BlackFacts Details

Denmark Vesey

Denmark Vesey was a free slave born in St. Thomas, which at that time was a colony of Denmark. His birth name was Telemaque and he was born in 1767. He was purchased by a slave merchant named Joseph Vesey when he was 14 years old. Vesey sold his slave to a farmer in St. Domingue, but he was later returned to Vesey because he was suffering from fits. Some accounts say that he might actually have been suffering from epilepsy whereas other records say he was pretending to have fits so he would be returned to his former master and not have to suffer harsh treatment at the hands of his new master.

Telemaque worked for Vesey for many years, and assisted him in his trade. He was fluent in English, French and Spanish and often accompanied Vesey to Bermuda, where he had business. After retirement, Vesey moved to Charleston, South Carolina, which was an affluent city and the center of rice and indigo plantations. Telemaque worked as a carpenter with other slaves and freed slaves, while he was still a slave of Vesey. In 1799, Telemaque won $1500 in the lottery. He used $600 to purchase his freedom from Vesey. He named himself Denmark Vesey after obtaining his freedom, and set up a business as a carpenter. He married a slave woman, whose freedom he tried to buy from her master, but he refused to sell her. They had children together, but according to the law, children born to a slave would also be considered slaves.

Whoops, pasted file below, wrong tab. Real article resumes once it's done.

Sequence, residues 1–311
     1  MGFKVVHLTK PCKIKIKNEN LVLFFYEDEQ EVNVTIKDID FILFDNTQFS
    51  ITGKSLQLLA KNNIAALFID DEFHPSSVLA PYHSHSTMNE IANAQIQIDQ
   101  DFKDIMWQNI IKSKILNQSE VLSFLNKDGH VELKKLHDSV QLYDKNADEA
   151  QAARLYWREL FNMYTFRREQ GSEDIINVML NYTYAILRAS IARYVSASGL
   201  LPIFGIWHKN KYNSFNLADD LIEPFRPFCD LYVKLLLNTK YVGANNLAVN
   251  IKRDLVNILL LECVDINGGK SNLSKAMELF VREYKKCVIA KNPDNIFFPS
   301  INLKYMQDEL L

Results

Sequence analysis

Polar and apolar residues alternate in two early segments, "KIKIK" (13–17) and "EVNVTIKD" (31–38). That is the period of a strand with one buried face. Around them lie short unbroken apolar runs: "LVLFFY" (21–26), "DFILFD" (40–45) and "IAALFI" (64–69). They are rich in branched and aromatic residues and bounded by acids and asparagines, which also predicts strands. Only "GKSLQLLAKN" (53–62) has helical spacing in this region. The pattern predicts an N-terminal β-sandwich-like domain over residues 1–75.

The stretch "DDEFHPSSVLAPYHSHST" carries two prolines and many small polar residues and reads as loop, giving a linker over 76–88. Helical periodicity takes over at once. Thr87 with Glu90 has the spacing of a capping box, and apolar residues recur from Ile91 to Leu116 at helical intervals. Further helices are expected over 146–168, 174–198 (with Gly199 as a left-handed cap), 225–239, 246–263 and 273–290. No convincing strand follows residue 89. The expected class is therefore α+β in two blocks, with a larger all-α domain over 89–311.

Vesey belonged to the Second Presbyterian church, and in 1818, he founded his own congregation called the “Bethel circuit” of the African Methodist Episcopal Church, which was the first independent black church in the United States. It was shut down twice by the authorities, as many officials feared that slaves were learning to read and write, which was prohibited under the slave code. When the Haitian Revolution took place, many slaves and free people of color fled to Charleston to seek refuge from the war. This increased the black population in the city. Another contributing factor was the reopening of ports

The Green Book Pt I